|Montealegre, Constanza - UNIV OF MINNESOTA|
|Van Kessel, Chris - UNIV OF CALIF-DAVIS|
|Sadowsky, Michael - UNIV OF MINNESOTA|
Submitted to: Plant and Soil
Publication Type: Peer Reviewed Journal
Publication Acceptance Date: April 11, 2002
Publication Date: June 1, 2002
Repository URL: http://www.ars.usda.gov/sp2UserFiles/Place/36401000/2002/Montealegreetal.pdf
Citation: Montealegre, C.M., Van Kessel, C., Russelle, M.P., Sadowsky, M.J. 2002. Changes in microbial activity and composition in a pasture ecosystem exposed to elevated atmospheric carbon dioxide. Plant and Soil. 243:197-207. Interpretive Summary: It is apparent that human activities are increasing carbon dioxide concentrations in the air. This gas reflects heat that radiates from the Earth's surface and participates in the 'greenhouse effect.' Carbon dioxide is the source of nearly all food on Earth, because green plants convert this gas to sugars and other carbohydrates and to amino acids and proteins. With some plants, higher carbon dioxide concentrations result in more plant growth, but with others, there appears to be little effect. We discovered that soil bacterial populations also increased around clover roots when these plants were grown at high carbon dioxide concentrations. Because clover can obtain its nitrogen from the air, its growth can be stimulated by improved carbon dioxide availability. This is not the case with a grass, and we found no increase in soil bacteria around grass roots. These changes are probably due to the effect plant roots have on food availability in the soil. Roots, themselves, are food for some soil organisms, and roots also excrete organic compounds that are used by bacteria, fungi, and other organisms. In addition, we discovered that higher carbon dioxide levels caused changes in the kinds of bacteria present in the soil. This may mean that some functions of the soil may change as carbon dioxide levels rise. Soil organisms help process nutrients, like nitrogen and phosphorus, making them available for plant uptake or loss. This research is important because it shows that as carbon dioxide in the air increases it will also affect the ecology underground. This information will be useful to ecologists, soil microbiologists, and soil scientists as they consider strategies to deal with excess carbon dioxide.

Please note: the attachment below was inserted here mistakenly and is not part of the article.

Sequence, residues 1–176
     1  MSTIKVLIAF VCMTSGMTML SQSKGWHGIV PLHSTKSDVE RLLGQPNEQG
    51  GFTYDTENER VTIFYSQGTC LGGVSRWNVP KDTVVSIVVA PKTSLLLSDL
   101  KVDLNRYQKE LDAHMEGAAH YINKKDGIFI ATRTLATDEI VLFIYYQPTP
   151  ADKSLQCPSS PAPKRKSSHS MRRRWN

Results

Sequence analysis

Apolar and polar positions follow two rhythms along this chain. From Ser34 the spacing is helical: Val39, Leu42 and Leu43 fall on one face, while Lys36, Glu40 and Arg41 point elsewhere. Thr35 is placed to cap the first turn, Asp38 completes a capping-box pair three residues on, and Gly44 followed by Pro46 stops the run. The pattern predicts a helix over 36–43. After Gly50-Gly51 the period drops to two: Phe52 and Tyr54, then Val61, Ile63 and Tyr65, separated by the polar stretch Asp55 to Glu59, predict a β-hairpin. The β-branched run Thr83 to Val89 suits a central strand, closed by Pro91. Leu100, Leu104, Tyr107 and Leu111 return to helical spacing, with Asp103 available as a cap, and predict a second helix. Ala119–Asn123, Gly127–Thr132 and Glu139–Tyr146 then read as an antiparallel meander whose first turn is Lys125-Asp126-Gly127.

Technical Abstract: Elevated atmospheric CO2 increases above-ground plant growth and productivity. Carbon dioxide-induced alterations in plant growth also are likely to affect below-ground processes, including the composition of soil biota. We investigated the influence of increased atmospheric CO2 on bacterial numbers and activity and on the soil microbial community composition in a pasture ecosystem under Free-Air Carbon Dioxide Enrichment (FACE). Composition of the soil microbial communities under two atmospheric CO2 levels was evaluated by phospholipids fatty acid analysis (PLFA), and total and respiring bacterial counts were determined by epifluorescence microscopy. Although populations increased with increased atmospheric CO2 under white clover (Trifolium repens L.), elevated atmospheric CO2 concentration did not affect total or metabolically active bacteria in bulk soil of perennial ryegrass (Lolium perenne L.). Moreover, there was an 85% increase in total rhizosphere bacteria, and a 170% increase in respiring rhizosphere bacteria, with elevated atmospheric CO2, when assessed on a per unit land area basis. However, no change in rhizosphere bacterial numbers was observed when assessed on a per g soil basis. Differences in microbial community composition between rhizosphere and bulk soil were evident in samples from white clover, as well as the response of such communities to CO2 enrichment. Results of this study indicate that changes in soil microbial activity, numbers, and community composition are likely to occur under elevated atmospheric CO2, but the extent of those changes depends on plant species and the distance that microbes are from the immediate vicinity of the plant root surface.